Deputy Nationals Leader Barnaby Joyce has bowed out of appearing on Q&A a week after three other conservatives also boycotted the show.
The news came hours after Mr Joyce told ABC’s Insiders program on Sunday that the embattled national broadcaster’s response to the appearance and backlash from Zaky Mallah’s appearance was “proper”.
It’s an abrupt turn around, and the reasoning is still unclear, though Prime Minister Tony Abbott has reportedly forbidden his frontbenchers to appear on the program.
BREAKING: Barnaby Joyce withdraws from Q&A, saying Prime Minister Abbott has decreed no frontbenchers to appear http://t.co/83zksip3nf
— Matthew Knott (@KnottMatthew) July 5, 2015
According to Fairfax, Mr Joyce didn’t know he wasn’t allowed to appear on the show.
“The Prime Minister (Tony Abbott) has communicated that he does not want any frontbencher to appear on Q&A,” a spokesman for Mr Joyce said.
“Barnaby was told this tonight and apologised to Q&A that he would not be able to appear.”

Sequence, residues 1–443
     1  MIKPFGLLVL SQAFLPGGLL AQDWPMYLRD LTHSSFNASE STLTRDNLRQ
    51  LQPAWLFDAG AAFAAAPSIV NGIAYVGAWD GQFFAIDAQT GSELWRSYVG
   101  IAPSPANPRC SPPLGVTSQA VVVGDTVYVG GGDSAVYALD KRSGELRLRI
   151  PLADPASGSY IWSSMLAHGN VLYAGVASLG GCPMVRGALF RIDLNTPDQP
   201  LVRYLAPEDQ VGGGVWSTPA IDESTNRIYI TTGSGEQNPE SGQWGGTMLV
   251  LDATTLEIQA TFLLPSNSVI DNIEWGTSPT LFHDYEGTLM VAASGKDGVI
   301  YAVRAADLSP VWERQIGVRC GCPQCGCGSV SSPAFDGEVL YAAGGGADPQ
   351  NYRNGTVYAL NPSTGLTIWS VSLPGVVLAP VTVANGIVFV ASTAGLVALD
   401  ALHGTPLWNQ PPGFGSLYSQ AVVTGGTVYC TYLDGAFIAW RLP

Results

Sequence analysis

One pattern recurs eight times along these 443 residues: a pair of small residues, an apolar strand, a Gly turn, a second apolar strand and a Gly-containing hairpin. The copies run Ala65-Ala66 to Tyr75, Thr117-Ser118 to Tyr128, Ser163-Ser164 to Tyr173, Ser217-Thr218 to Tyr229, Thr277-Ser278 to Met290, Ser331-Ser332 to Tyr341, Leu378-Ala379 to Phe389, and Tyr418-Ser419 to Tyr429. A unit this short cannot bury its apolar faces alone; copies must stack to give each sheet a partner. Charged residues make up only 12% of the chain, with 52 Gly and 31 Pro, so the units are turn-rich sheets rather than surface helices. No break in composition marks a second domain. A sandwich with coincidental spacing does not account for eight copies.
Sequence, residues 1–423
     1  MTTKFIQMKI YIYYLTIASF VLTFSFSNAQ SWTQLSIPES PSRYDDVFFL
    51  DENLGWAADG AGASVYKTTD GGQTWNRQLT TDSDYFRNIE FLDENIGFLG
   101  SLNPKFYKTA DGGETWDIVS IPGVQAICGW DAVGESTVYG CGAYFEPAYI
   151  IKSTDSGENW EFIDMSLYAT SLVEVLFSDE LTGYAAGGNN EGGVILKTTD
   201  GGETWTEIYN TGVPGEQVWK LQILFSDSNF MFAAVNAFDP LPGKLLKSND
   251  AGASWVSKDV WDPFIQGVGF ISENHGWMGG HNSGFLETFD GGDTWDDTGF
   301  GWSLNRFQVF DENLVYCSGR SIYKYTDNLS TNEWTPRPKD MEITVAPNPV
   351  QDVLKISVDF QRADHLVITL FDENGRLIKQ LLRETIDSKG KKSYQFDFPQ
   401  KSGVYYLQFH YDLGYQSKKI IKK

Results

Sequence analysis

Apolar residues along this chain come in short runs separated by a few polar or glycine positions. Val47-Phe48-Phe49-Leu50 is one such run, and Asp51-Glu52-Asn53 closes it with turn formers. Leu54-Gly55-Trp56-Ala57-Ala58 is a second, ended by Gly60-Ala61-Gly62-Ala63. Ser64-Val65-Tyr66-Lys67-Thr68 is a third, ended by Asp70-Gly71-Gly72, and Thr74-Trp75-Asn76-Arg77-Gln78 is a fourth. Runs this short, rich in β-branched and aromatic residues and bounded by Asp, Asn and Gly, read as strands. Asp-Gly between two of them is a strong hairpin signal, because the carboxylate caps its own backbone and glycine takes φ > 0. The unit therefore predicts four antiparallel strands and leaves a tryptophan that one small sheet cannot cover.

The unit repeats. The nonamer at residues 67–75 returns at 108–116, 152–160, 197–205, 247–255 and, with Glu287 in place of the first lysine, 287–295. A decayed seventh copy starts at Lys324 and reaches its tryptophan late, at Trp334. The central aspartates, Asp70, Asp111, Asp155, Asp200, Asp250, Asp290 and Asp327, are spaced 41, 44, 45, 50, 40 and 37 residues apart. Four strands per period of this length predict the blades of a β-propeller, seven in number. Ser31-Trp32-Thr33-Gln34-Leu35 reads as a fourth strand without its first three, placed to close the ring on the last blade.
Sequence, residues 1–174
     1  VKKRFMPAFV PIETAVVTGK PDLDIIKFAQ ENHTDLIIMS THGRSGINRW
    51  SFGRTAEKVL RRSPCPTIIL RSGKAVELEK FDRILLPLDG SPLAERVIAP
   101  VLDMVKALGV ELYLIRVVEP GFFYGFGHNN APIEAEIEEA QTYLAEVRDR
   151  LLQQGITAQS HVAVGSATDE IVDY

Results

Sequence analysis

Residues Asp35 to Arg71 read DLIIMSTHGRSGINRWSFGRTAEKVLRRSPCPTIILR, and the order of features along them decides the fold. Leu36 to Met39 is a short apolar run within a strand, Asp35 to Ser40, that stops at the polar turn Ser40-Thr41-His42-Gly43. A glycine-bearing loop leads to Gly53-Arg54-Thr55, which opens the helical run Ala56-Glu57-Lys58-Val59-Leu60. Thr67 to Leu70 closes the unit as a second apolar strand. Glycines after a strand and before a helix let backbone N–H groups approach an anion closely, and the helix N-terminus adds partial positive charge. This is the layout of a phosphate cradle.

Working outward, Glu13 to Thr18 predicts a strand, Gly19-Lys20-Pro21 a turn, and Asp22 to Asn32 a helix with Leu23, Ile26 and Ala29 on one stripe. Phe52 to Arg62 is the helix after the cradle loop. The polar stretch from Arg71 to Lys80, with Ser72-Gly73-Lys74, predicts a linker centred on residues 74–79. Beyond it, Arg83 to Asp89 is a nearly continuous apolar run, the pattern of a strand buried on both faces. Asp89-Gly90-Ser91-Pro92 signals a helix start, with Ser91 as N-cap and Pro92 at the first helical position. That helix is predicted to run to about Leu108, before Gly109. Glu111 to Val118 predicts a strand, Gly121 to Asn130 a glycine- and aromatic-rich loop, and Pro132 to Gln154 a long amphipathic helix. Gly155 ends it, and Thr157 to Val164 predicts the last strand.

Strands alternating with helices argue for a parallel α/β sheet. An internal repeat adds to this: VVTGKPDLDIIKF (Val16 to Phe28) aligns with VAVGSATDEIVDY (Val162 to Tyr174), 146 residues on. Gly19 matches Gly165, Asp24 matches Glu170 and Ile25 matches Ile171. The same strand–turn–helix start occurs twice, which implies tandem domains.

This was after Mr Joyce’s appearance on Insiders, when he said: “I think the ABC is dealing properly now with the issue, I think having Mr Mallah on that program was an absurdity.
“Otherwise they’ll put fascists on and stalinists and every combination and permutation of people who have and abrupt view of the way the world works, but they are dealing with that now and it’s proper.”
Communications Minister Malcolm Turnbull is scheduled to appear on the episode of July 13, but it is not clear whether he will observe his leader’s ruling or keep his word that he wouldn’t boycott the show.
He avoided appearing last week when three conservatives – Mr Turnbull, Parliamentary Secretary to the Prime Minister Alan Tudge, and Menzies Research Centre director Nick Cater – pulled out of the show at the last minute.
On June 22, Zaky Mallah and parliamentary Secretary Steve Ciobo had an acrimonious dispute on the show over citizenship laws, which resulted in Mr Abbott saying “heads should roll” at the ABC, and Managing Director Mark Scott making a public defence of the broadcaster’s independence.